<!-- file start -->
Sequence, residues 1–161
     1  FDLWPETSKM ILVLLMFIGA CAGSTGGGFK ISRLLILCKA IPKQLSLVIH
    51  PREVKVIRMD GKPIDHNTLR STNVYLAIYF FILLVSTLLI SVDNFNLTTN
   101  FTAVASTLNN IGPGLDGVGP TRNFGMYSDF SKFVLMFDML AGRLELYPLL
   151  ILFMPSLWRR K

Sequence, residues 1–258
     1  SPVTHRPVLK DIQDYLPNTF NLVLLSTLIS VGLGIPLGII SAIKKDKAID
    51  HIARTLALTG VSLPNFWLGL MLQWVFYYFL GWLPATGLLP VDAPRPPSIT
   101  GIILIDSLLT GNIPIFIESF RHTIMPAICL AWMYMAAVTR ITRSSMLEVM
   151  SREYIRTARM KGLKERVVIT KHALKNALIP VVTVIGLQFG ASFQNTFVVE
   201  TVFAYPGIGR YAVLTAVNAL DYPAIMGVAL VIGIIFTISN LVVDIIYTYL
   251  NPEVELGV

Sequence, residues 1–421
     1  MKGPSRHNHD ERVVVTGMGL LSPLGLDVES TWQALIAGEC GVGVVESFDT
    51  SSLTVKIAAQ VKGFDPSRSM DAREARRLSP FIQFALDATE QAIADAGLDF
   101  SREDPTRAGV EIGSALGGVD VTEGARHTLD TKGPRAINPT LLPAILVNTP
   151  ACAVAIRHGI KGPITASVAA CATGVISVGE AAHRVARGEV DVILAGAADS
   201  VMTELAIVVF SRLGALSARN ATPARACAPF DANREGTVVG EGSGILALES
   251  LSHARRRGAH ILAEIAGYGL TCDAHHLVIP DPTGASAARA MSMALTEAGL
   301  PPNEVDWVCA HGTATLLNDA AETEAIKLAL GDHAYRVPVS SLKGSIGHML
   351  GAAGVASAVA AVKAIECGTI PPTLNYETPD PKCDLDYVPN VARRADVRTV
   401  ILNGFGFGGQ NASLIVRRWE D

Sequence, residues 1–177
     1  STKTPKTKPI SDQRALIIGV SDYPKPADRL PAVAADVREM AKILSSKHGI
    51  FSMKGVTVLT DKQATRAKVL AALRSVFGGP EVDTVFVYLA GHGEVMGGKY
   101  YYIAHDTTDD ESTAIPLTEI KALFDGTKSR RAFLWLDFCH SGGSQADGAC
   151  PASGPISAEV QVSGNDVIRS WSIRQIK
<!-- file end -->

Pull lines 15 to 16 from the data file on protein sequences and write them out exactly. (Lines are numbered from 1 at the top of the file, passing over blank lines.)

    51  SSLTVKIAAQ VKGFDPSRSM DAREARRLSP FIQFALDATE QAIADAGLDF
   101  SREDPTRAGV EIGSALGGVD VTEGARHTLD TKGPRAINPT LLPAILVNTP